Gamelan orchestra and the man holding the puppets
Shadow play (Chinese: 皮影戏, pi ying xi) or shadow puppetry is an ancient form of storytelling and entertainment using opaque, often articulated figures in front of an illuminated backdrop to create the illusion of moving images. It is popular in various cultures. At present, more than 20 countries are known to have shadow show troupes.
what is seen on the screen
In Indonesia (notably Java and Bali), and Malaysia (Kelantan), shadow puppet plays are known as wayang kulit. In Javanese and Malay, Wayang means shadow or imagination, while Kulit means skin and refers to the leather that puppets are made from. Stories presented are usually mythical & morality tales. There is an educational moral to the plays which usually portray a battle between good and evil, with good always winning and evil running away (but eventually to return). The Indonesian shadow plays are sometimes considered one of the earliest examples of animation.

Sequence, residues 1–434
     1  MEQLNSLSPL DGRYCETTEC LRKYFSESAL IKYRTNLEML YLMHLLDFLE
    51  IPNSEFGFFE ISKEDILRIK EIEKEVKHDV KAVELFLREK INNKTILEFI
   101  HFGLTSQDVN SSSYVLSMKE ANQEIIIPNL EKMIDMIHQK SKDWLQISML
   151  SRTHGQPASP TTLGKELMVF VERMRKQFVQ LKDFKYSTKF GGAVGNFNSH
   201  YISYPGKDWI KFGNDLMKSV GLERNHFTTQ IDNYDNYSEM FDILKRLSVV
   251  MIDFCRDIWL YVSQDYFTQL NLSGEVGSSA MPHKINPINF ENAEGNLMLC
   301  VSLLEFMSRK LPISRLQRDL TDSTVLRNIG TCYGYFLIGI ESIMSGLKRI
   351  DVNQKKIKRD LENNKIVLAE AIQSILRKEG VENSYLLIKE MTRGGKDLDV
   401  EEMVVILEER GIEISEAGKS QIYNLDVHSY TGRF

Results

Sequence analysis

The puppets are made primarily of leather and manipulated with sticks or buffalo horn handles. Shadows are cast using an oil lamp or, in modern times, a halogen light, onto a cotton cloth background. They are often associated with gamelan drum music (or Pinpeat orchestral in Cambodia). Shadow plays are very popular even today. They are performed during sacred temple ceremonies, at private functions, and for the public in the villages. A performance can last all night long, sometimes up to six hours or until dawn.
UNESCO designated Wayang Kulit as a Masterpieces of the Oral and Intangible Heritage of Humanity on November 7, 2003.
Text from Wikipedia
behind the scene
People and Places